It is associated more with the picada than with a healthy snack, but like walnuts, almonds and other dried fruits, the peanut has benefits to bring within the framework of a healthy diet.

Now a recent study published in the journal Clinical Nutrition adds new insights into the association between peanut consumption and positive effects on cognitive function and stress response in young and healthy people.

Rich in energy

Peanuts are technically a legume because they grow in a pod, but it is classified as a dried fruit because its fat concentration is higher than that of dried legumes and it contains a lower proportion of protein and carbohydrates.

It is also a food that arouses great nutritional interest because it is rich in fatty acids, proteins, fiber, polyphenols and other potentially beneficial bioactive compounds for health.

The study, led by Rosa M. Lamuela, director of the INSA-UB and professor at the Faculty of Pharmacy and Food Sciences of the University of Barcelona (Spain), was carried out with a group of 63 healthy people out of 19 and 33 years, which included a regular serving of peanut products in your daily intake.

“Most of the nutritional intervention studies have been carried out in a population with obesity, metabolic syndrome or at risk of chronic metabolic disease. In this population that is at risk, it is easier to observe a beneficial effect changing the eating pattern or introducing a healthy food in their usual diet “, argued the researcher as to why this time they had focused on people without health problems.

“In the study we observed the beneficial effect of the daily intake of peanut products in the improvement of cognitive function and the response to stress in a young and healthy population, a group in which any effect on health is more difficult to observe, “said Lamuela, member of the Center for Biomedical Research in Physiopathology of Obesity and Nutrition Networking (CIBEROBN).

Undisputed in bites, peanuts can also be a healthy snack. Photo Shutterstock.

Peanut consumption

The team analyzed the potential health effects of peanut consumption across a large battery of cognitive and analytical tests related to biochemical indicators of the stress response (such as cortisol).

The results also revealed an increase in short-chain fecal fatty acids ─of the microbiota─, in addition to specific biomarkers of this nut, long-chain saturated fatty acids and certain polyphenols, all of them bioactive compounds related to multiple health benefits.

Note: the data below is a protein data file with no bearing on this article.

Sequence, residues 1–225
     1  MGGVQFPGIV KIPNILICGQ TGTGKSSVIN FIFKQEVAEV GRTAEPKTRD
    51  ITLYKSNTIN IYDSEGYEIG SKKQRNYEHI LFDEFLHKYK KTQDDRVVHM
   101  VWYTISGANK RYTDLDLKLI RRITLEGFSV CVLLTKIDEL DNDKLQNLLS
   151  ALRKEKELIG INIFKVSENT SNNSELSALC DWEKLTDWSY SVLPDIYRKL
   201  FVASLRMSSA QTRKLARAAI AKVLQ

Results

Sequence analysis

According to the conclusions of the study, the compounds that could contribute to the health effects described by the researchers are some bioactive compounds such as resveratrol and p-coumaric acid, as well as short chain fatty acids and chain saturated fatty acids long peanut specific.

Peanuts are rich in fatty acids, proteins, fiber, polyphenols, and other bioactive compounds.  Photo Shutterstock.

Peanuts are rich in fatty acids, proteins, fiber, polyphenols, and other bioactive compounds. Photo Shutterstock.

Peanuts and gut microbiota

The team also looked at whether introducing peanut products into a healthy diet could have a positive impact on the axis microbiota-gut-brain and thus contribute to the prevention of future diseases.

“In the scientific literature there is evidence on the bidirectional relationship between phenolic compounds and the intestinal microbiota. Some authors observed a improved brain and general health after an intervention rich in polyphenols “, stated Sara Hurtado, another of the authors of the work.

“The prebiotic substance present in peanuts – like polyphenols – can affect cognition and mood indirectly through interactions with the gut microbiota and thus improve the microbiota-gut-brain axis, “he noted.

To corroborate these nutritional study results, the team included in the study a control group given a placebo with a peanut oil base and the same macronutrient composition as peanut butter, but without prebiotic substances and it was found that it did not have the same beneficial effect.

“The high content of prebiotic fiber and polyphenols in peanuts could explain their beneficial effects on the intestinal microbiota. Due to their poor absorption, fiber and most polyphenols go directly to the colon, where they are metabolized by the microbiota. Subsequently, they can modulate brain biochemistry as neurotransmitters of the central nervous system, “said Hurtado.

And he added: “Short chain fatty acids – such as acetic, propionic and butyric acids – are the main metabolites produced by the intestinal microbiota and seem to have effects against various diseases, such as depression and neurodegenerative diseases “.

Peanut butter or pasta.  Photo Shutterstock.

Peanut butter or pasta. Photo Shutterstock.

The Research Group on Natural Polyphenols and other Bioactive Components present in Foods led by Lamuela stands out for its trajectory in the study of polyphenols in food and biological samples. In future works it seeks to deepen the study of the mechanisms involved in the microbiota-intestine-brain axis derived from the consumption of peanut products.

The article published in Clinical Nutrition daring promising results requiring confirmation in studies conducted in larger groups of people.

The work had the participation of members of the Hospital Clínic de Barcelona and IDIBAPS. And it is framed within the ARISTOTLE project, an initiative to analyze the prebiotic and postbiotic effects of the consumption of peanut products promoted by The Peanut Institute, in the United States.

It also had the support of companies linked to the food sector that did not participate in the experimental design or the research protocol of the study.

Recipes with peanuts

-Peanut butter

-Cereal bars with peanuts and oats

-Cereal bars with peanuts and honey

-Peanut shoots

-Toffee Cake by Damián Betular


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